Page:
This is the official website of the Grand Bargain, a unique agreement between some of the largest donors and humanitarian organisations who have committed to get more means into the hands of people in need and to improve the effectiveness and efficiency of the humanitarian action.
While the Grand Bargain is a separate and independent process from the IASC, the official website is hosted by the IASC structure, and maintained by the Grand Bargain Secretariat.
The Grand Bargain Annual Independent Report 2020: This fourth annual independent report assesses the collective progress made by signatories against the commitments under the Grand Bargain during 2019. Four years into the process, this report finds that the Grand Bargain is having a wider impact in terms of a more cohesive, collaborative approach across the international humanitarian aid sector – crucial to help drive forward reforms of the whole humanitarian system. However, this report also finds a continuing failure to address the long-standing challenges that have inhibited positive change. As the Grand Bargain enters its final year, the report recommends four key areas of action that will be vital for lasting change. Click here to read the full report.
The Grand Bargain Bimonthly updates - May 2020: This newsletter includes useful documents from the cash workstream to reflect what is being done in response to COVID-19, an overview of successes so far and next steps for workstream on Enhancing Quality Funding, and two stories with examples how the Grand Bargain is being implemented at country level. Click here to read the newsletter.
The Grand Bargain and COVID-19: Effective and efficient humanitarian response needed more than ever: Since the outbreak of the COVID-19 crisis, the humanitarian community has been responding to the rapidly evolving needs. As a result, donors, UN agencies, Red Cross/Red Crescent movement and NGOs have been adapting their response to make it more effective and efficient. We can only address crises such as COVID-19 by accelerating the Grand Bargain commitments in the spirit of quid pro quo. Click here to read the 1-pager and specific examples of adaptation.
Grand Bargain Cash Workstream Webinar Week - 20-24 July 2020
The Added Value of Flexible Funding to the ICRC - June 2020
Quality funding: How to reach critical mass - June 2020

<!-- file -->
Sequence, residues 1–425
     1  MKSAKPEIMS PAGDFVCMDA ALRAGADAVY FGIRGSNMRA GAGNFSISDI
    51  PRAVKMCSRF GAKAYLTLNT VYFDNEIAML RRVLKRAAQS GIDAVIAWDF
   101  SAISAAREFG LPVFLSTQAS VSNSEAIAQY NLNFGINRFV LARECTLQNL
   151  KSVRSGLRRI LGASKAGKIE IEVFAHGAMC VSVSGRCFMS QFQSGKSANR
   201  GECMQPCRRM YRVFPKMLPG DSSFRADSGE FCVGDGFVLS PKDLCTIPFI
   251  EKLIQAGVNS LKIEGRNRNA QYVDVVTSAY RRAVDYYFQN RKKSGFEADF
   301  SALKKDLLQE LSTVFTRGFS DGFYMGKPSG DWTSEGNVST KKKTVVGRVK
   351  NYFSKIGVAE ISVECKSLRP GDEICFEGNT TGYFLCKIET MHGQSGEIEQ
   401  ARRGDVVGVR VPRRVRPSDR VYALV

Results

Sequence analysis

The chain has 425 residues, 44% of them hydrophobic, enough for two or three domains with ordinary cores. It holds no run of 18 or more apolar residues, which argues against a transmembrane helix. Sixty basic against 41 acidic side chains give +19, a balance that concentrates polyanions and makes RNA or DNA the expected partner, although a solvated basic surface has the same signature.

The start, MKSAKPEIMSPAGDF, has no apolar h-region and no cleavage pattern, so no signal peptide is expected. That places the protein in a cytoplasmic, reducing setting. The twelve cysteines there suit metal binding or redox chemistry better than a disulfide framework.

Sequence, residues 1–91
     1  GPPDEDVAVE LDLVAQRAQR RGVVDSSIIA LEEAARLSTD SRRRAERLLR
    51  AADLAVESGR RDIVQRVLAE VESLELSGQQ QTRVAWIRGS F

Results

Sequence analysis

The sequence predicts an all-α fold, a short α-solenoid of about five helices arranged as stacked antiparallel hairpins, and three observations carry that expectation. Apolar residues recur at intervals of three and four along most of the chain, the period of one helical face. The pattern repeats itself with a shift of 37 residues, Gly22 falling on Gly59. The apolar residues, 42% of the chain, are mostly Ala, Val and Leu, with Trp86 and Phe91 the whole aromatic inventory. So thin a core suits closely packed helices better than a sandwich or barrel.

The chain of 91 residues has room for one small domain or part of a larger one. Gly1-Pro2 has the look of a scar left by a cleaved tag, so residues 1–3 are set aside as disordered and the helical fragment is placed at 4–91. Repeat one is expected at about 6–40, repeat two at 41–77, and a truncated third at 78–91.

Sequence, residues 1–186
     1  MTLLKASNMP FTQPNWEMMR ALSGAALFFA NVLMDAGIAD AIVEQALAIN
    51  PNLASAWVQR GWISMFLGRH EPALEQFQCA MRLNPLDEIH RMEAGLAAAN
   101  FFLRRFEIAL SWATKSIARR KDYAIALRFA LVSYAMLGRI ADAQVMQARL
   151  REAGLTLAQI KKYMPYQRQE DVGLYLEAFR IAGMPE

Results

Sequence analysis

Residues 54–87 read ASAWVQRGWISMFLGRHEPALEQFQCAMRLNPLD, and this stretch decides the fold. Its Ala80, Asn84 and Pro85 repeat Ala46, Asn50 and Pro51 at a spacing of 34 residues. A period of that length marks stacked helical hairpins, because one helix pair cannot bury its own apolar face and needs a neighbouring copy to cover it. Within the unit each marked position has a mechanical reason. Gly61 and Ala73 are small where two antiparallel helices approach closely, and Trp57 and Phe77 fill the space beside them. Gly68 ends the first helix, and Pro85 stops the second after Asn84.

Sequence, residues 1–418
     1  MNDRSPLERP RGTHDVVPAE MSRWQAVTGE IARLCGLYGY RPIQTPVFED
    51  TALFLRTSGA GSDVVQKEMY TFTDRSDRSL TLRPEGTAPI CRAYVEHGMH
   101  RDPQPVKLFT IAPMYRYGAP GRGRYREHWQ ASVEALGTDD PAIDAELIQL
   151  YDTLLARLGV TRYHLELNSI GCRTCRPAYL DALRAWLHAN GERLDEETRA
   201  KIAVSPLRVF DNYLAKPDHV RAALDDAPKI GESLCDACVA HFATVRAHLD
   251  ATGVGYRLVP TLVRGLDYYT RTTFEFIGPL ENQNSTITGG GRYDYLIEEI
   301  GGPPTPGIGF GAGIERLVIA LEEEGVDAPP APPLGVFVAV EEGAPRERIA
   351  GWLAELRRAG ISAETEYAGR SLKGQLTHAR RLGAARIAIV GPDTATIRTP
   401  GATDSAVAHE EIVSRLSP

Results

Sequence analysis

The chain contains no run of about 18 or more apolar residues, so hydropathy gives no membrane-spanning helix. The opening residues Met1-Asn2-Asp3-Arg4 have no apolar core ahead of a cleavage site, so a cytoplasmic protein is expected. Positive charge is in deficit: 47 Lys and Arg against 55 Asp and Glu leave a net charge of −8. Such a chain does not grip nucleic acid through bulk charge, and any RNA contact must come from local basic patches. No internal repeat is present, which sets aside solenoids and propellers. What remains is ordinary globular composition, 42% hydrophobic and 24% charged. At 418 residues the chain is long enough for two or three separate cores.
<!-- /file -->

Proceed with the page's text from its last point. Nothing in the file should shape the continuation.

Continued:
UNICEF Internal Assessment On Cascading Quality Funding to Implementing Partners
Supporting Grand Bargain signatories in meeting commitments to greater transparency
“It is evident that the Grand Bargain is having a wider impact in terms of a more cohesive, collaborative approach across the international humanitarian aid sector – a crucial element in helping drive forward reforms of the whole humanitarian system.”
Quote of the week, 6 July 2020, Grand Bargain Annual Independent Report 2020
As part of the preparations for the World Humanitarian Summit (WHS) in 2016, the High-Level Panel on Humanitarian Financing sought solutions to close the humanitarian financing gap. Their report made recommendations to shrink the needs, deepen and broaden the resource base for humanitarian action, and to improve delivery. In relation to the latter recommendation, the report suggested “a Grand Bargain between the big donors and humanitarian organisations in humanitarian aid”. The Grand Bargain, launched during the WHS in Istanbul in May 2016, is a unique agreement between some of the largest donors and humanitarian organisations who have committed to get more means into the hands of people in need and to improve the effectiveness and efficiency of the humanitarian action. Currently 61 signatories (24 Member States, 21 NGOs, 12 UN agencies, two Red Cross movements, and two inter-governmental organisations) are working across nine workstreams to implement the commitments.
UNFPA’s Humanitarian Action Thematic Fund (HTF) shows that flexible, predictable and multi-year funding reduces transaction costs, and enables a comprehensive response to people in humanitarian settings.
As part of its Grand Bargain commitment and approach to ensure people and communities affected by crises influence humanitarian responses, IFRC has been championing its real-time community feedback mechanism during the Ebola outbreak in the Democratic Republic of Congo. They gathered more than half a million individual insights (ranging from feedback, rumours, concerns and misconceptions) from affected people in less than two years – and acted upon them.
Hover and click anywhere on the map to find out examples of the Grand Bargain implementation. This is not an exhaustive list of examples - for further information, please see the Grand Bargain Annual Independent Report 2019.
The Grand Bargain Secretariat is supported by the governments of Sweden and the United States, and hosted by the Norwegian Refugee Council/NORCAP.